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Gender Differences in Prisoners' Dilemma



Charles Darwin (1874) stated that "women are less selfish but men are more competitive". Very recent papers (Eckel & Grossman, 1998, 2001 or Andreoni & Vesterlund 2001, among others) have shown the relevance of gender in altruism in both ultimatum and dictator games. In this paper we analyse the role of gender in one-shot Prisoners' Dilemma. We use payments cards to reveal players' values of the game, what gives information about players' beliefs on rival's cooperativeness. Surprisingly 15% of population choose the cooperative action although the gender effect is quite ambiguous in actions. Within those players who choose the cooperative action, females do so believing her rival will defect.

Suggested Citation

  • Pablo Brañas Garza & Antonio Morales, 2003. "Gender Differences in Prisoners' Dilemma," Economic Working Papers at Centro de Estudios Andaluces E2003/19, Centro de Estudios Andaluces.
  • Handle: RePEc:cea:doctra:e2003_19

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    References listed on IDEAS

    1. Eckel, Catherine C & Grossman, Philip J, 2001. "Chivalry and Solidarity in Ultimatum Games," Economic Inquiry, Western Economic Association International, vol. 39(2), pages 171-188, April.
    2. James Andreoni & Lise Vesterlund, 2001. "Which is the Fair Sex? Gender Differences in Altruism," The Quarterly Journal of Economics, Oxford University Press, vol. 116(1), pages 293-312.
    3. Brown-Kruse, Jamie & Hummels, David, 1993. "Gender effects in laboratory public goods contribution : Do individuals put their money where their mouth is?," Journal of Economic Behavior & Organization, Elsevier, vol. 22(3), pages 255-267, December.
    4. Yaw Nyarko & Andrew Schotter, 2002. "An Experimental Study of Belief Learning Using Elicited Beliefs," Econometrica, Econometric Society, vol. 70(3), pages 971-1005, May.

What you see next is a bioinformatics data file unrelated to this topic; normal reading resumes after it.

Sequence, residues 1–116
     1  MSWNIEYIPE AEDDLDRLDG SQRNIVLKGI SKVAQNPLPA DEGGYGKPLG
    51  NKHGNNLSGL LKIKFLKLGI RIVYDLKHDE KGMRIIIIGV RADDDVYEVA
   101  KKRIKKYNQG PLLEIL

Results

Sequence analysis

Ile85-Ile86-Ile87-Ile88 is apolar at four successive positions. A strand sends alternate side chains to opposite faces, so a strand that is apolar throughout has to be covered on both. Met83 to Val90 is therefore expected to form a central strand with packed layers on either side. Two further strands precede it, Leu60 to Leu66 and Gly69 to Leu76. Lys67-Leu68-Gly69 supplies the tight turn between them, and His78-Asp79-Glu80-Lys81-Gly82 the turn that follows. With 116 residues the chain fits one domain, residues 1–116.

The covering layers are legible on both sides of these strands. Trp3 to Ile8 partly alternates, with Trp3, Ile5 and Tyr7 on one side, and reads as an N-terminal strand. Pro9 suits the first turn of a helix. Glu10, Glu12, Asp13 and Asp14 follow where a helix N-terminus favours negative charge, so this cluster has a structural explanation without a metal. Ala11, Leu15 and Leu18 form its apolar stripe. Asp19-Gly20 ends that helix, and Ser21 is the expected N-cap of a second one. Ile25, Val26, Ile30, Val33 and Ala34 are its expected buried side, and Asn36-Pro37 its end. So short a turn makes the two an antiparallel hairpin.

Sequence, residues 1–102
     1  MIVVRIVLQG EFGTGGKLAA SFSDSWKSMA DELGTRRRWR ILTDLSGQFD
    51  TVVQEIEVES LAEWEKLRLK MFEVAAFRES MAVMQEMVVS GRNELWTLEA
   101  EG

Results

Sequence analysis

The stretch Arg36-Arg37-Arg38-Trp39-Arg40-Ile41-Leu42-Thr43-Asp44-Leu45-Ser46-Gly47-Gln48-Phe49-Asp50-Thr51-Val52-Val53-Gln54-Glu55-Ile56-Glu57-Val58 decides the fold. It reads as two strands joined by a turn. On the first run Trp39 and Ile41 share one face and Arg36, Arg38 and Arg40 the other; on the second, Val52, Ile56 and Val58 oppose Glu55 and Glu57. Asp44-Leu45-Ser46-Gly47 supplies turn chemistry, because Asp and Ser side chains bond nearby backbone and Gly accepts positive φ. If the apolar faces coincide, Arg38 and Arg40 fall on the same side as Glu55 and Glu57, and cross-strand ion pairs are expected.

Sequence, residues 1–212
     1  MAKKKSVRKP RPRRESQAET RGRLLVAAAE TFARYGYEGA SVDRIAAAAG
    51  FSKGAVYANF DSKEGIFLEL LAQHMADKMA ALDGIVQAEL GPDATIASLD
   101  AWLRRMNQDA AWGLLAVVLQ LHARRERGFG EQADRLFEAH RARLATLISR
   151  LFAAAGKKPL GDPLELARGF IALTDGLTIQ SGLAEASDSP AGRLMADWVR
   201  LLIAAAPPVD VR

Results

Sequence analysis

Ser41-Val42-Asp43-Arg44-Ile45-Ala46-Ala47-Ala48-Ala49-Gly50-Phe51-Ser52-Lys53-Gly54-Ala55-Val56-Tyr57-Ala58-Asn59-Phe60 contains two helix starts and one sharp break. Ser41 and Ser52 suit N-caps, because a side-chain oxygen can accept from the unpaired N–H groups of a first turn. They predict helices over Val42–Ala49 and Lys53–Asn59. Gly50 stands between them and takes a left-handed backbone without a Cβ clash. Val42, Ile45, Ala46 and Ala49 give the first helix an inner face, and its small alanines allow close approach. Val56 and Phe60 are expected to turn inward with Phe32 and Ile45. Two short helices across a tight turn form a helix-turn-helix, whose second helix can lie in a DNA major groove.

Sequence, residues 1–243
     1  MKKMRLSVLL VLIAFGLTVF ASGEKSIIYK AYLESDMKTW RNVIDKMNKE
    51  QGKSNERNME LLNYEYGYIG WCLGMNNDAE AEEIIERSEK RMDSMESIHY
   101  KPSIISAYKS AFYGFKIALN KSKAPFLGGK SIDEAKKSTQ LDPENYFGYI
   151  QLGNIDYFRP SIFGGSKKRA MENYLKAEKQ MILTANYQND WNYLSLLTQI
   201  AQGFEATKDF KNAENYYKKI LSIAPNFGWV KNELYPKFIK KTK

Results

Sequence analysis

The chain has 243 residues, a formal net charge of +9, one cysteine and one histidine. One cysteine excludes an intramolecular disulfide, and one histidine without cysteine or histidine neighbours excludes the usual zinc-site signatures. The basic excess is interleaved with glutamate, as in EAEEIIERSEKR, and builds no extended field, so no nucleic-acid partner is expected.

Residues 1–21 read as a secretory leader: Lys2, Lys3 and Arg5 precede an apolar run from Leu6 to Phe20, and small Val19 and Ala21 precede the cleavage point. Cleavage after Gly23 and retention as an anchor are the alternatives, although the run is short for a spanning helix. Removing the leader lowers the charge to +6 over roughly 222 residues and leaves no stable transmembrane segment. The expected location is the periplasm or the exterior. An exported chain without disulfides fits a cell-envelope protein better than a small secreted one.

5. Eckel, Catherine C & Grossman, Philip J, 1998. "Are Women Less Selfish Than Men? Evidence from Dictator Experiments," Economic Journal, Royal Economic Society, vol. 108(448), pages 726-735, May.
    6. Nancy Buchan & Rachel Croson, 1999. "Gender and Culture: International Experimental Evidence from Trust Games," American Economic Review, American Economic Association, vol. 89(2), pages 386-391, May.
    7. Hessel Oosterbeek & Randolph Sloof & Gijs van de Kuilen, 2004. "Cultural Differences in Ultimatum Game Experiments: Evidence from a Meta-Analysis," Experimental Economics, Springer;Economic Science Association, vol. 7(2), pages 171-188, June.
    8. Barbara Lichner Ingram & Stephen E. Berger, 1977. "Sex-Role Orientation, Defensiveness, and Competitiveness in Women," Journal of Conflict Resolution, Peace Science Society (International), vol. 21(3), pages 501-518, September.
    9. Burnham, Terence C., 2003. "Engineering altruism: a theoretical and experimental investigation of anonymity and gift giving," Journal of Economic Behavior & Organization, Elsevier, vol. 50(1), pages 133-144, January.
    10. Guth, Werner & Schmittberger, Rolf & Schwarze, Bernd, 1982. "An experimental analysis of ultimatum bargaining," Journal of Economic Behavior & Organization, Elsevier, vol. 3(4), pages 367-388, December.
    11. James Andreoni & John Miller, 2002. "Giving According to GARP: An Experimental Test of the Consistency of Preferences for Altruism," Econometrica, Econometric Society, vol. 70(2), pages 737-753, March.
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    More about this item


    Prisoners' Dilemma; cooperation; payment cards; expected utility theory; beliefs; gender differences.;

    JEL classification:

    • C72 - Mathematical and Quantitative Methods - - Game Theory and Bargaining Theory - - - Noncooperative Games
    • C92 - Mathematical and Quantitative Methods - - Design of Experiments - - - Laboratory, Group Behavior
    • J16 - Labor and Demographic Economics - - Demographic Economics - - - Economics of Gender; Non-labor Discrimination

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